3) Ed Schultz talked about having a town hall meeting in Canada. Whatever happened with that? Couldn’t get a passport? My understanding is that Canadians who come here for treatment are still covered by the Canadian plan, except for certain elective procedures.
4) Can progressives win enough Senate seats to get 60 votes in 2010? Of the four Conservidems that are holding everything up, only Blanche Lincoln of Arkansas is up for reelection in 2010. The others are Joe Lieberman, Connecticut, 2012; Ben Nelson, Nebraska, 2012; and Mary Landrieu, Louisiana, 2014.
5) If they’re going to mandate 40 million people to buy health insurance, what if the individuals can’t pay for it?

Friday, December 04, 2009

I’m calling you a racist

It’s not logical at all. A Minneapolis cop kills a kid. The evidence is unclear at best, but the Police Chief rewards the cop anyway, sending a dangerous message to the department and the community. It’s part of a pattern of brutality, resulting in millions of dollars paid out in lawsuit settlements. The Police Chief comes up for reappointment, and must be approved by the City Council. The citizens have a chance to replace the Police Chief by voting out the City Council, but they don’t. In the weeks leading up to reappointment, there is no public outcry.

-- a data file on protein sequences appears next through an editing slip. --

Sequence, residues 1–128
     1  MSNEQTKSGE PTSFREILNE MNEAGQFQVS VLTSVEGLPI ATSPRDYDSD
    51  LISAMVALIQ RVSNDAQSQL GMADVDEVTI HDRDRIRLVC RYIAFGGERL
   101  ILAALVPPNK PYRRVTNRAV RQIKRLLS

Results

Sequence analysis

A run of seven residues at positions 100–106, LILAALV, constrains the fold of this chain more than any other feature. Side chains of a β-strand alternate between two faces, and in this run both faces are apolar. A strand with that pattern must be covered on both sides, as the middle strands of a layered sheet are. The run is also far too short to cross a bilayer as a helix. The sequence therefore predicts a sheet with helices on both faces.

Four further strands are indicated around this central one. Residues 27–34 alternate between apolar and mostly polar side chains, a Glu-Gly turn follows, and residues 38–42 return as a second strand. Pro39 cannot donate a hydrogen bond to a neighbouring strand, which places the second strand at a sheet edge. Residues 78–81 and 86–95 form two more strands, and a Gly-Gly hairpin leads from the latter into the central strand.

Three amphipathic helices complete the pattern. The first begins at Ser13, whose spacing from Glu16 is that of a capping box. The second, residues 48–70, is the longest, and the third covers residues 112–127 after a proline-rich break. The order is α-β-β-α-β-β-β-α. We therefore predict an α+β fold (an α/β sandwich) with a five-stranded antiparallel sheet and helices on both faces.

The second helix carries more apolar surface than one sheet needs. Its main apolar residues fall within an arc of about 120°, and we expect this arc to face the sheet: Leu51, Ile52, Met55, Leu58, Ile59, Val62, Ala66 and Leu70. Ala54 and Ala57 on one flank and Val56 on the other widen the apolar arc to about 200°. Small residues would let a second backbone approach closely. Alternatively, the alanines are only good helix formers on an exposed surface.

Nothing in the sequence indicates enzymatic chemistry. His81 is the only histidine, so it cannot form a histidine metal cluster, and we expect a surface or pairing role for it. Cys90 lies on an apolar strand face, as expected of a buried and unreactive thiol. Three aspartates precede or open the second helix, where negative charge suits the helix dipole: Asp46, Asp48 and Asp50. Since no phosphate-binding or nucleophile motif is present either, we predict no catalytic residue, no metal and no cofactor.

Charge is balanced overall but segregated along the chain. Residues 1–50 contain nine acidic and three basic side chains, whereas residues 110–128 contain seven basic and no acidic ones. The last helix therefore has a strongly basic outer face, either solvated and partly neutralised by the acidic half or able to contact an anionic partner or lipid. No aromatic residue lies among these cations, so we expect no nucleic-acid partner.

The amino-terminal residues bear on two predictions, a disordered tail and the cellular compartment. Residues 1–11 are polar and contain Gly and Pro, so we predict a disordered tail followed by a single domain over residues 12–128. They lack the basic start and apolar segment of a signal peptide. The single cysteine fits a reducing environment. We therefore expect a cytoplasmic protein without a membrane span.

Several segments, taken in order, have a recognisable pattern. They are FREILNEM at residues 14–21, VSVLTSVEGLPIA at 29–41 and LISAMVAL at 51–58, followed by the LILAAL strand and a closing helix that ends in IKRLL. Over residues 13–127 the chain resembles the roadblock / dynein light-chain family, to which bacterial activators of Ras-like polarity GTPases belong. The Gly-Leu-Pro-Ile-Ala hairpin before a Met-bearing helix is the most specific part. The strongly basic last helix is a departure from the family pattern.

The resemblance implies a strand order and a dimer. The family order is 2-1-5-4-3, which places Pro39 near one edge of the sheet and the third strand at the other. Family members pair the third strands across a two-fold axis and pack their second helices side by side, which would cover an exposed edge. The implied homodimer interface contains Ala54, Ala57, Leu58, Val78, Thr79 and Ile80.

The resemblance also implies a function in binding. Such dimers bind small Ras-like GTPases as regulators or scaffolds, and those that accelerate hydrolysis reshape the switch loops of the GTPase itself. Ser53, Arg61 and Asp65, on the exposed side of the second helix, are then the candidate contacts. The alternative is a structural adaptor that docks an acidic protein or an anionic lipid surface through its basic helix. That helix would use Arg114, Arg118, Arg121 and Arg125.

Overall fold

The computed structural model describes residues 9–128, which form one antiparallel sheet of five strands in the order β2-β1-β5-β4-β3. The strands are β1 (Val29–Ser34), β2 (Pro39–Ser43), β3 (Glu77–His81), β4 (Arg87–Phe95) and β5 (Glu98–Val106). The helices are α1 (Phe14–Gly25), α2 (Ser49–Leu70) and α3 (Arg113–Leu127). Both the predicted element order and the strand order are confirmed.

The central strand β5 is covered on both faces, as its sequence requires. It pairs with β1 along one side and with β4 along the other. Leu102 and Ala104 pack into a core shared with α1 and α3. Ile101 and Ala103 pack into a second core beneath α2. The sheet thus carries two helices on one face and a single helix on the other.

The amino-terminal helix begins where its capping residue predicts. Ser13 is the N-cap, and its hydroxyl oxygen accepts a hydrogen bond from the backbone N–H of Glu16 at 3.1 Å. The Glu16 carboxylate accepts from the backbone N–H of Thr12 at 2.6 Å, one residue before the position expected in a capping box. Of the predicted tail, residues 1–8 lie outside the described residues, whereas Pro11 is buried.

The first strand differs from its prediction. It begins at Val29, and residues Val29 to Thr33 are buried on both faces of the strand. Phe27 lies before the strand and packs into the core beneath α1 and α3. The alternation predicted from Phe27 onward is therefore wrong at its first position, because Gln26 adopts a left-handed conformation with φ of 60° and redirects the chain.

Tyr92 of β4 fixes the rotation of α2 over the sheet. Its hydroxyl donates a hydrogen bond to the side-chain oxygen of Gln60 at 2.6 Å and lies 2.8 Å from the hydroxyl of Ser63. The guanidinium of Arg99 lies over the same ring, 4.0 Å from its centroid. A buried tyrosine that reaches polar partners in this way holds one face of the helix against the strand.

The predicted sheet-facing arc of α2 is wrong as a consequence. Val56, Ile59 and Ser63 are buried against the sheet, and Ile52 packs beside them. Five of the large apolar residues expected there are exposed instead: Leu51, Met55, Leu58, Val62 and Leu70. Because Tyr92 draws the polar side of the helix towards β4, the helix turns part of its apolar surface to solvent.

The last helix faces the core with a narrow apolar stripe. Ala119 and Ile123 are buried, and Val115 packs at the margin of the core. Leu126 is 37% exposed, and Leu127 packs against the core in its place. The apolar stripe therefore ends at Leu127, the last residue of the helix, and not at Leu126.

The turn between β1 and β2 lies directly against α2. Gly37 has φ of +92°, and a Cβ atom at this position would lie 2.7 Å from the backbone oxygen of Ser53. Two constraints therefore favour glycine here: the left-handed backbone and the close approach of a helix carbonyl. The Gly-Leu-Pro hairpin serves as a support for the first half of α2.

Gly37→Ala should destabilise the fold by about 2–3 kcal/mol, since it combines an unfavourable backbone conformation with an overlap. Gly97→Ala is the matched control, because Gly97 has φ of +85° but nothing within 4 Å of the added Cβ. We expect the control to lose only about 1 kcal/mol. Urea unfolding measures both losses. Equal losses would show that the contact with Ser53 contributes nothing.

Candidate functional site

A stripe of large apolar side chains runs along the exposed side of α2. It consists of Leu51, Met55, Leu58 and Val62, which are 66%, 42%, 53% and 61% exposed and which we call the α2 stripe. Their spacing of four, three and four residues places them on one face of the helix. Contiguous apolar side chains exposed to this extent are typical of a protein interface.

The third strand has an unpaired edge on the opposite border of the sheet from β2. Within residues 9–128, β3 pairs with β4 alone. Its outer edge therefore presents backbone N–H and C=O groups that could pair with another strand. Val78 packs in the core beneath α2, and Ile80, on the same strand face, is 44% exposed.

Why do the cops behave this way, and why do the voters permit it? I quote from the 2001 book “Police Unbound” by Anthony V. Bouza, retired Minneapolis Police Chief…

Page 13: “There is a clear, yet subliminal, message being transmitted that the cops, if they are to remain on the payroll, had better obey. The overclass—mostly white, well-off, educated, suburban, and voting—wants the underclass—frequently minority, homeless, jobless, uneducated, and excluded—controlled and, preferably, kept out of sight. Property rights are more sacred than human lives. And some lives are more precious than others.”

…In 2009, the voters have spoken, and the message appears to be the same: Get tough on crime. We don’t care how you do it. We don’t want to be bothered with it. Randomly beat people if you have to. Never mind cultural and language barriers. Teach the community a lesson, that if you run from a cop, you can be shot. Juveniles like Fong Lee are expendable…

Page 17-18: “‘Stand-up guys,’ who protect the brethren, keep quiet, and back you up, are proudly pointed out…‘Rats’ are scorned, shunned, excluded, condemned, harassed, and almost invariably, cast out.”